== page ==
Underneath the lyrics of Garden Song is an enormous amount of which I will try to convey a little, although I will only really scratch the surface. Garden Song was the beginning of seeking something deeper. I had a friend I worked with, we were both very like-minded, so we would look into this and look into that. We both began to feel after all sorts of long talks, which I’m sure all sorts of people were doing at the same time, there was kind of a quest thing going on back in the 1960’s, a lot of searching for answers. Anyway, we came to feel that we were largely in our day-to-day lives asleep to a greater reality. I believed there was something to find out, but more than that, I felt strongly that you could actually find out, which was a big step for me. We felt that we as human beings had named things like a tree or a butterfly and in the act of naming them had, in a way, explained them away. Basically we felt that we were living in one sense within the restrictions of our own heads. So I started to pay more attention to nature, I didn’t run to the mountains or something though, I mean, from say the top deck of a double-decker bus, just looking at things, looking at trees. Part of your head is saying “why are you doing this, it’s only a tree!” But I kept looking in an attempt to get outside of my own head. So Garden Song kind of represents what I was doing at that time in my life.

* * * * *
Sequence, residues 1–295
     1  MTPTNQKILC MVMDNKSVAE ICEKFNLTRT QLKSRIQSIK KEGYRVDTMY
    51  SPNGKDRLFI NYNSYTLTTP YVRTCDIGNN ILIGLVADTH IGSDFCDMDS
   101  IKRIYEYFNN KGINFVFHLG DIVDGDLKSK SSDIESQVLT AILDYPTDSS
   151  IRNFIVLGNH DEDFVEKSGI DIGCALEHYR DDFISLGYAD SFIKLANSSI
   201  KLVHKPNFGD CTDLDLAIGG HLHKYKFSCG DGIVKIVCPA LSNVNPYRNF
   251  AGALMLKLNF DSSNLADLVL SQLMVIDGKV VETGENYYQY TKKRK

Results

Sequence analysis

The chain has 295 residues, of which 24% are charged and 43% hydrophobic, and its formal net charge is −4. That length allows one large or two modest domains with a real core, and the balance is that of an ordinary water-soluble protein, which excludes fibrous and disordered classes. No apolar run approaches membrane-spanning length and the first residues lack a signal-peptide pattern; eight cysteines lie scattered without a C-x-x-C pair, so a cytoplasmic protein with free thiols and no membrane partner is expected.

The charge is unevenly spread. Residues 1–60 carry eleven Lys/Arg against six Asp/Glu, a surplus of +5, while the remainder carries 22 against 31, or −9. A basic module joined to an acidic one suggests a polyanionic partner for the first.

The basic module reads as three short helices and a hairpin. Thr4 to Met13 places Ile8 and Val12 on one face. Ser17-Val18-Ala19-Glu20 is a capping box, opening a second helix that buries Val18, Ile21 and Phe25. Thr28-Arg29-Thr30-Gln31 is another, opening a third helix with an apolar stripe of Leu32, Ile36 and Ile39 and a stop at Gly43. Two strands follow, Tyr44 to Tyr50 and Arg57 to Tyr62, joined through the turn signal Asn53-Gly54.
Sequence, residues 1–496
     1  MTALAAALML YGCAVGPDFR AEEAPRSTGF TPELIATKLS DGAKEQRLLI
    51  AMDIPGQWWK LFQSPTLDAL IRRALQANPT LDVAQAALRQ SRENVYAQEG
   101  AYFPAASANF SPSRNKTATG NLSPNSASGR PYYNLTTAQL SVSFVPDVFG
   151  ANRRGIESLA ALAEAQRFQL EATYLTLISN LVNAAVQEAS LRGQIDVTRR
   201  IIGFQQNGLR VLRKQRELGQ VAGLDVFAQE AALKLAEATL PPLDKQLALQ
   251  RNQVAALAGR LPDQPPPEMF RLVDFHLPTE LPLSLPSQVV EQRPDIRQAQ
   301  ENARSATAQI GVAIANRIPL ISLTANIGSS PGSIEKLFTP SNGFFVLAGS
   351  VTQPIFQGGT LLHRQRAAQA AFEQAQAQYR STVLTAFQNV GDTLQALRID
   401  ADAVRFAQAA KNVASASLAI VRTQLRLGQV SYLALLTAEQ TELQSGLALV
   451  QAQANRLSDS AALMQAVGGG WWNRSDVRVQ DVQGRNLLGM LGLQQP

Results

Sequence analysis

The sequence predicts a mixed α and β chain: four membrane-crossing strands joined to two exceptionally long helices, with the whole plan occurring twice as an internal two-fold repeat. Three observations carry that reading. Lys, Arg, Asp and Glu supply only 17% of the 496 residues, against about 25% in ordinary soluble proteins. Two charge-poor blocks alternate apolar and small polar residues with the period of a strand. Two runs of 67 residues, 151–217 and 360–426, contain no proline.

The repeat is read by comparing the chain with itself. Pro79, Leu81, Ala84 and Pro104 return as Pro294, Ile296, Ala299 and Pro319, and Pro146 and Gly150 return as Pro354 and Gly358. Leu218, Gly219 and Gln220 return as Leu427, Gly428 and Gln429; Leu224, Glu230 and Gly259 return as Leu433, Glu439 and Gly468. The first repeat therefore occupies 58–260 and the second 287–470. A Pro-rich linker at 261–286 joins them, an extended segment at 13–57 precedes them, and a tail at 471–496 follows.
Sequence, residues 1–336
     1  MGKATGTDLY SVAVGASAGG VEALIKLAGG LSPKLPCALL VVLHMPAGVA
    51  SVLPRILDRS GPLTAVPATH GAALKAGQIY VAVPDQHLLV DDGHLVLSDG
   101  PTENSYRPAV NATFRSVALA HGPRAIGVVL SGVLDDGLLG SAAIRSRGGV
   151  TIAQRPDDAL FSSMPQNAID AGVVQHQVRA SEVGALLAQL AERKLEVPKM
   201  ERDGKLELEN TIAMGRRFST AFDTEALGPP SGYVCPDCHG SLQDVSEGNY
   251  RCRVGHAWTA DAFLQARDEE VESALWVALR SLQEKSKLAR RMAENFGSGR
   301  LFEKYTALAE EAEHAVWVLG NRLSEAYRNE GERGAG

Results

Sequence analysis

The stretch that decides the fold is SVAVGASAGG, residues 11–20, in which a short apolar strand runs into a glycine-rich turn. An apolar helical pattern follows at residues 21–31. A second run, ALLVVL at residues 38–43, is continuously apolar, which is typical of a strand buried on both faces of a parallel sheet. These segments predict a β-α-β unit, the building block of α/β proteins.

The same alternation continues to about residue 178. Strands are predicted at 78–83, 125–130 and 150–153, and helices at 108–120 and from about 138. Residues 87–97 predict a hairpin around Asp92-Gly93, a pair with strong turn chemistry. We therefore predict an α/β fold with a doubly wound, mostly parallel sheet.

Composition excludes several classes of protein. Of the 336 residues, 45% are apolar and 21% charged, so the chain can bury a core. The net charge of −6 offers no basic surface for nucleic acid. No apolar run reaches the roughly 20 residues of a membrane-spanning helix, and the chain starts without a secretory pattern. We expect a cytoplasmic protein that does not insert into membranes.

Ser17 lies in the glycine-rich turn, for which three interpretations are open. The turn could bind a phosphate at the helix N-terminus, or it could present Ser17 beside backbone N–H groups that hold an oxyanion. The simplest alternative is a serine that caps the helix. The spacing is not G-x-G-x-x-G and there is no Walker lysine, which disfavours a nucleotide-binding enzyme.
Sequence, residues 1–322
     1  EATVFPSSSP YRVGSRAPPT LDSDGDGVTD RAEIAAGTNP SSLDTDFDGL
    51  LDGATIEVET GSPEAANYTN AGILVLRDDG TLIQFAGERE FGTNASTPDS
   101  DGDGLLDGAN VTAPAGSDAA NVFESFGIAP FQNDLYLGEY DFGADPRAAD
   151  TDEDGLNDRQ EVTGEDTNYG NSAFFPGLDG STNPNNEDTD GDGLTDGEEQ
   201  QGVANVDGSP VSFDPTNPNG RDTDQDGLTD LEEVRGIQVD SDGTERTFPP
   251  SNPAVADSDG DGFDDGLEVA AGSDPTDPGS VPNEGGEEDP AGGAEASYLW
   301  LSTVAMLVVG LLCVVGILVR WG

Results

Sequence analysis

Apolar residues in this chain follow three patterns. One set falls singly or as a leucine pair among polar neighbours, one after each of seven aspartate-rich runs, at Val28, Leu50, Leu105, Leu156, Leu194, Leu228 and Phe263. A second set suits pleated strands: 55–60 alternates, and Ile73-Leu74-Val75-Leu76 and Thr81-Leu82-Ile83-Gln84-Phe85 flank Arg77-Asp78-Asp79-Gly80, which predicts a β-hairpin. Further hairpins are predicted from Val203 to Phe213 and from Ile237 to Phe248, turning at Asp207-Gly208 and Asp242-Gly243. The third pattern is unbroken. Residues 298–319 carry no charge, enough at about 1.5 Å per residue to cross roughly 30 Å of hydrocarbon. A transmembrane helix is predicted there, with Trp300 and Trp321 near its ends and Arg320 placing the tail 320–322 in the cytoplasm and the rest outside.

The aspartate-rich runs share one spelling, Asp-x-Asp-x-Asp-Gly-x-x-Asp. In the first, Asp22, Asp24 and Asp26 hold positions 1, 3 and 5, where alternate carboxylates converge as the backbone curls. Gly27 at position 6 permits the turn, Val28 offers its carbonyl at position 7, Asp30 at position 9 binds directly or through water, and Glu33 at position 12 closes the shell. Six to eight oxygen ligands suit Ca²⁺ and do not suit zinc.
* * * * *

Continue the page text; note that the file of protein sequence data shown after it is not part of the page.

How did you channel this thought process into your song writing?

What used to happen back then and to some degree still happens is that a song is a vehicle, a means of expressing where you are at inside. So with something like “I’m planting myself in the garden,” what I was trying to say is, that I’m going to look at things, I want to be a part of things in a real way and I’m going to persevere, “I’m going to wait until I know there’s a moment, to get up from my chair by the sea and I’ll be able to say that I’ve been there.” That I’m going to end up feeling things in a much more real way. As I say in Garden Song again “I’ll wait for the rain to anoint me and the frost to awaken my soul.” It was that waking up which was important to me, to connect with the real world around us of living things. I’ve only really scratched the surface there, the questions are so deep. I did come to feel an enormous, sort of, strangeness, the connection that I began to feel with the living world was very vivid.